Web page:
Strategy and Leadership Support
Alicia McKay supports teams and leaders to be more strategic and effective, unleashing the potential for meaningful impact.
Alicia runs workshops and coaching programmes, speaks at conferences and works alongside teams to improve strategic focus, design and implement strategy and boost strategic leadership capability.
The official launch party for From Strategy to Action - not to be missed!
Are you asking, when you should be telling?
Unfortunately, we can make that unnecessarily difficult, by turning human instinct into a transactional process that benefits no-one. The antidote?
Teams in the workplace are no different – they’ve got a million other things to care about right now, and whatever you’ve got to say probably involves work, so it better be interesting.
Making your thinking meaningful to others is one of the most important steps in driving new behaviours.
One of the most common questions I’m asked in a strategy process – usually toward the end – is about what to do when things change.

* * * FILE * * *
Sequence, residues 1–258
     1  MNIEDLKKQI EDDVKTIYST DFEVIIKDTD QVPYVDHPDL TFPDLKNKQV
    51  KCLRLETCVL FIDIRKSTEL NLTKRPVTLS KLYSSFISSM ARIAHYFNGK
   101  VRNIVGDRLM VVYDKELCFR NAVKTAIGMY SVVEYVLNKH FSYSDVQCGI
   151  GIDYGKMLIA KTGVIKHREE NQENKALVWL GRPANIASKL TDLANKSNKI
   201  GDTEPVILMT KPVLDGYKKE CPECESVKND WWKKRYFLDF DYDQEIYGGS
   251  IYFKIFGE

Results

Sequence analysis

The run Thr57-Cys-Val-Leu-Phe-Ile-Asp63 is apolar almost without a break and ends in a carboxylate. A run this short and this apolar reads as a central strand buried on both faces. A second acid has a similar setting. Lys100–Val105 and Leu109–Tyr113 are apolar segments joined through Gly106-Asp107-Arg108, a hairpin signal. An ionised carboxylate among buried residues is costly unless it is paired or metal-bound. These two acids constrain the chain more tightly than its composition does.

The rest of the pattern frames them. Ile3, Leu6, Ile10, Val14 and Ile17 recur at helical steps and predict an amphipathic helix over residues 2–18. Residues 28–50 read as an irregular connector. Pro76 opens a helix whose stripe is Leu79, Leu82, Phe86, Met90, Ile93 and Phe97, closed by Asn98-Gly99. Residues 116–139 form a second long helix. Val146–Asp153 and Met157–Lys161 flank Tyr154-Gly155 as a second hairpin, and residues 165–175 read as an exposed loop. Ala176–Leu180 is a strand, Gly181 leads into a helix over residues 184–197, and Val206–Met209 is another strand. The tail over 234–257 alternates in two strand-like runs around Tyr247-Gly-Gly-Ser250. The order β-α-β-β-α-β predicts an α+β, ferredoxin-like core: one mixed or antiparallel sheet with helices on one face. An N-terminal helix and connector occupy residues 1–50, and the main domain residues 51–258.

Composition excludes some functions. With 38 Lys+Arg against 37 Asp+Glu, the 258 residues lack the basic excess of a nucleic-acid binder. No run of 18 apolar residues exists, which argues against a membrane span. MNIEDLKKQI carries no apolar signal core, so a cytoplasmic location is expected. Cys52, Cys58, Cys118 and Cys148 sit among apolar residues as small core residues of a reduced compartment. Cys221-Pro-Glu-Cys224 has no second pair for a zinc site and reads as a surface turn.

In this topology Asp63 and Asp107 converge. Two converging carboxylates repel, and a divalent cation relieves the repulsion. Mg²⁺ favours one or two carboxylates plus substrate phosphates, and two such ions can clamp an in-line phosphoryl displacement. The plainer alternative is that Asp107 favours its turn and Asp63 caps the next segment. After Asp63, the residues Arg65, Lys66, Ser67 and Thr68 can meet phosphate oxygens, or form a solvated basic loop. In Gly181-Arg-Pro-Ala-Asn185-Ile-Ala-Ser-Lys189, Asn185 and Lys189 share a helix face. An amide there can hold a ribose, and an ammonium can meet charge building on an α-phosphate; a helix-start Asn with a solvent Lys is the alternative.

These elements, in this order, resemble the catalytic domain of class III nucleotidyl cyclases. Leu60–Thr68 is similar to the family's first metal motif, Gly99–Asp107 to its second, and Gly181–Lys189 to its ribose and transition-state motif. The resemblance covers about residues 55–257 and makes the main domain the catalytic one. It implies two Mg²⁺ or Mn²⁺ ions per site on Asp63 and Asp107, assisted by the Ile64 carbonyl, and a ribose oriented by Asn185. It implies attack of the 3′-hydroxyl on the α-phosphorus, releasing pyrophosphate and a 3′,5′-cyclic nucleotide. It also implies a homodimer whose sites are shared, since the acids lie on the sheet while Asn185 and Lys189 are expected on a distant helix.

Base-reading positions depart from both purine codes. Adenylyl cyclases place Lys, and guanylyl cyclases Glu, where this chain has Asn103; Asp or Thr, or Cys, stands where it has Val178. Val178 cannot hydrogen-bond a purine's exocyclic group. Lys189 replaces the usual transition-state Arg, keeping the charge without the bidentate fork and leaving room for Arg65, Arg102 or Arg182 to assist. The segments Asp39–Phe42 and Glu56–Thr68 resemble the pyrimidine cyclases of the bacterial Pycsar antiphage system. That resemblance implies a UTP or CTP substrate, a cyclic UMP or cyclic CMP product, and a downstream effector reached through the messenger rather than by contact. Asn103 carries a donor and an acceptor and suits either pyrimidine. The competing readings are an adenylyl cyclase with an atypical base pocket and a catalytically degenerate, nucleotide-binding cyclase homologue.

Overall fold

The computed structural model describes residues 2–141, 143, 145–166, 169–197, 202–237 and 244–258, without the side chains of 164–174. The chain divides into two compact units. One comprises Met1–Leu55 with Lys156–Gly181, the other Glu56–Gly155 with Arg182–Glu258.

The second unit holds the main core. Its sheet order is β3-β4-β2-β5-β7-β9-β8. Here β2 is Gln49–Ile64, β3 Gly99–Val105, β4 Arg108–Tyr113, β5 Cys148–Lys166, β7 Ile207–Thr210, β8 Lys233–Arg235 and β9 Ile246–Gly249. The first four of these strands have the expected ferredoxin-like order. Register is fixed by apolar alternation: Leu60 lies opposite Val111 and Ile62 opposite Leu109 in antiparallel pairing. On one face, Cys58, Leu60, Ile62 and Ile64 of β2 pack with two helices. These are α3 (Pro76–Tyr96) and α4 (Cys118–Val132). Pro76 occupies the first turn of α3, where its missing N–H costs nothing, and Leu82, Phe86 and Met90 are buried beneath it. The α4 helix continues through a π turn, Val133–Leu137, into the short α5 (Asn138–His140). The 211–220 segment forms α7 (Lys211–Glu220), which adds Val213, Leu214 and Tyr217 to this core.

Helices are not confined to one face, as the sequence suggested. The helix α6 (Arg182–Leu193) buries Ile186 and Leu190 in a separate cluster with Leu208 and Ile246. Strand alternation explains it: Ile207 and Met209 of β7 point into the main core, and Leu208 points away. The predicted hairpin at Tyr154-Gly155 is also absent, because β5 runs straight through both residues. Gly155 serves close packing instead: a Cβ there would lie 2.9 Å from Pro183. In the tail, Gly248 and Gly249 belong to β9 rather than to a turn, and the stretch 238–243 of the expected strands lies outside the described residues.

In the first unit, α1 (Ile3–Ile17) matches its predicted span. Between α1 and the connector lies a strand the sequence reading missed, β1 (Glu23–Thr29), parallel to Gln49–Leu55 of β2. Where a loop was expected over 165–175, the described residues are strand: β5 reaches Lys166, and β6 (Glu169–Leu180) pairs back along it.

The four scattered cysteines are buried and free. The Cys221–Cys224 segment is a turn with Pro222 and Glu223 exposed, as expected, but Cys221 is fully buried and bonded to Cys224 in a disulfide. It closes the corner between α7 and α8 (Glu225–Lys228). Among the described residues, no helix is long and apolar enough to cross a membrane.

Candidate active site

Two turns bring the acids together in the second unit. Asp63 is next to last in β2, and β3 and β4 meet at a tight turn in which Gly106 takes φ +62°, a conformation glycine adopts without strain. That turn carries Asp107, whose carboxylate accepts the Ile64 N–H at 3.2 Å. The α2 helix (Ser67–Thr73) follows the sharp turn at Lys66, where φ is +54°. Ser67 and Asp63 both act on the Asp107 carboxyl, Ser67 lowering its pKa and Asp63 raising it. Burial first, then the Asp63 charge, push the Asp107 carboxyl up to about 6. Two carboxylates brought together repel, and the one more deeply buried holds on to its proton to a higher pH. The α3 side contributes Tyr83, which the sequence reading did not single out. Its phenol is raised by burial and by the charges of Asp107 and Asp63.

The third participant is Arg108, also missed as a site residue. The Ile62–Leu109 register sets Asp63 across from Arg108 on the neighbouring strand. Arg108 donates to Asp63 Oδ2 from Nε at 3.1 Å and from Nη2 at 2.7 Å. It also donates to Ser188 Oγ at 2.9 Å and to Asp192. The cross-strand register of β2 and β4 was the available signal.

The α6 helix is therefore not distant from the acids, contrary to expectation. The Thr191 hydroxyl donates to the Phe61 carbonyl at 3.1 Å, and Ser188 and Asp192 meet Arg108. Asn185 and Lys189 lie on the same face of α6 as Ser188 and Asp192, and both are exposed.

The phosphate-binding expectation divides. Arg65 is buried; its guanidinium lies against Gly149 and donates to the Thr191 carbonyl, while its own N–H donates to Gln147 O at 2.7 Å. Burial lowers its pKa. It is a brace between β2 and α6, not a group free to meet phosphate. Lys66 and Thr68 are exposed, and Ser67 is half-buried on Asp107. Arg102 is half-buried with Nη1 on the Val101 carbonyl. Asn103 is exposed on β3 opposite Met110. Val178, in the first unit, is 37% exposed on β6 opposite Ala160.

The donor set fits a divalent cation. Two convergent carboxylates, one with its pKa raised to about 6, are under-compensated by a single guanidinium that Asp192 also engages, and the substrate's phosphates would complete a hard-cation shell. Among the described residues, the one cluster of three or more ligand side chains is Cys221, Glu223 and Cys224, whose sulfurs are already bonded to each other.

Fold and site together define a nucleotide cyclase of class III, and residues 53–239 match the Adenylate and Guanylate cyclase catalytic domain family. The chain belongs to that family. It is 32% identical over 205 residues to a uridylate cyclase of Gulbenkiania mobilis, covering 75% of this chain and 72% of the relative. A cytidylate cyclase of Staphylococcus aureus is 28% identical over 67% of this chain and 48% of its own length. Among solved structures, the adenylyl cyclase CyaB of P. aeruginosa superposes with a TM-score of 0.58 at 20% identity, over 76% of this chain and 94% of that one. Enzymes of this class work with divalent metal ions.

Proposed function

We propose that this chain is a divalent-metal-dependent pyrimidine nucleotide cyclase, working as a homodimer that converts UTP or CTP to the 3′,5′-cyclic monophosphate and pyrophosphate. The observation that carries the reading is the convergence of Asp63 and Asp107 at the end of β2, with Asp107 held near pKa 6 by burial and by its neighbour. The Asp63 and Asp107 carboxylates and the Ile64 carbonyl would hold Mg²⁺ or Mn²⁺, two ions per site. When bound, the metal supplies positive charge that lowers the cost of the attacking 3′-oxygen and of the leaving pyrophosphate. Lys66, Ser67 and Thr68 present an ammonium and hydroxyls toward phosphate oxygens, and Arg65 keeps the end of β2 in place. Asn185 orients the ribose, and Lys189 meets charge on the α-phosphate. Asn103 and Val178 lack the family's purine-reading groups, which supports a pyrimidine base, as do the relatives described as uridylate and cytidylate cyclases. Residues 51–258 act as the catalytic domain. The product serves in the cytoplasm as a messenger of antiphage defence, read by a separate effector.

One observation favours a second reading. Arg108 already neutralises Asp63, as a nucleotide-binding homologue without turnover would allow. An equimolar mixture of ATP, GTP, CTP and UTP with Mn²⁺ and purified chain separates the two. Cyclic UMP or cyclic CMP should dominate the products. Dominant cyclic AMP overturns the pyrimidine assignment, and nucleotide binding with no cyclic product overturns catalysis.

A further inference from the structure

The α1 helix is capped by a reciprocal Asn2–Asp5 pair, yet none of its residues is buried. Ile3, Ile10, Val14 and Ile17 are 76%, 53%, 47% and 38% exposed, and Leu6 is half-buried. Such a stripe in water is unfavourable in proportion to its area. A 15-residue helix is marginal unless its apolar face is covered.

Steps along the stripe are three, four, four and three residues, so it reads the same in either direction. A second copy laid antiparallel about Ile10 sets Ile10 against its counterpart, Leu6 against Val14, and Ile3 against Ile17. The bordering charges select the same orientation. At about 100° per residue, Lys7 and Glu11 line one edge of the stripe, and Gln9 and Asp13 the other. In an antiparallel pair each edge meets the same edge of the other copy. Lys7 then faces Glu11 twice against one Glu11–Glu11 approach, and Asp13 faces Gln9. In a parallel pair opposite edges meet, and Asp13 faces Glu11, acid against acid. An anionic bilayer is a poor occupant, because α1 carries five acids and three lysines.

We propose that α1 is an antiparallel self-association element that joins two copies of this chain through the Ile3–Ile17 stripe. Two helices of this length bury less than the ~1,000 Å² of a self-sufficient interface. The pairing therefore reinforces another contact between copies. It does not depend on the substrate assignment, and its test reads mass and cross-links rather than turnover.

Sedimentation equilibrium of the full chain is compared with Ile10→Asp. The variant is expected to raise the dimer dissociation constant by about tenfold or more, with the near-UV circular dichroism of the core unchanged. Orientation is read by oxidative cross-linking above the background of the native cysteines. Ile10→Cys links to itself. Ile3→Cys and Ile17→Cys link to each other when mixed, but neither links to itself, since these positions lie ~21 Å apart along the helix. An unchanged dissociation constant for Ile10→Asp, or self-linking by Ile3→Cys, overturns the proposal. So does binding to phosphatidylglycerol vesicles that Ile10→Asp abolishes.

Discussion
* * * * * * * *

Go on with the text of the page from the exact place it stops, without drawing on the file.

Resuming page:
Because, they do, don’t they? Despite our best efforts, our environment doesn’t stand still. Sometimes these changes are small, and manageable. Other times, they’re not. Other times, they're changes that trigger potentially cataclysmic shifts in our understanding of the world.
Saying yes to something new is exhilarating – full of possibility. We dream of a new future, unencumbered by the things about our current state that make progress a challenge.
However, the uncomfortable and non-negotiable consequence of saying yes it the inevitable no. Saying yes is a temporary, one-off moment. But what it kicks off is a longer, fractured reality of saying no, letting go and moving forward, triggering all the inevitable loss, confrontation and tricky choices needed to get there.
What mildly important things do you need to avoid, that will take you away from achieving your most important priorities?
You've already lost 8 hours, 1 more won't help. Try making space instead.
In some ways, public leadership is like being a fire-fighter. Responding to issues as they present, and front-footing fires before they can kindle. The critical difference is in our ability to light the right match. Inside: thoughts on operational and strategic focus – be the fire, hope for the wind.
Setting focused priorities is hard work. We’re not choosing between right and wrong here – it’s ALL the right stuff. When we’re overwhelmed and figuring out how to catch up, it seems too late to make priority decisions. It all needs doing! Fast!
This isn’t true though, is it.
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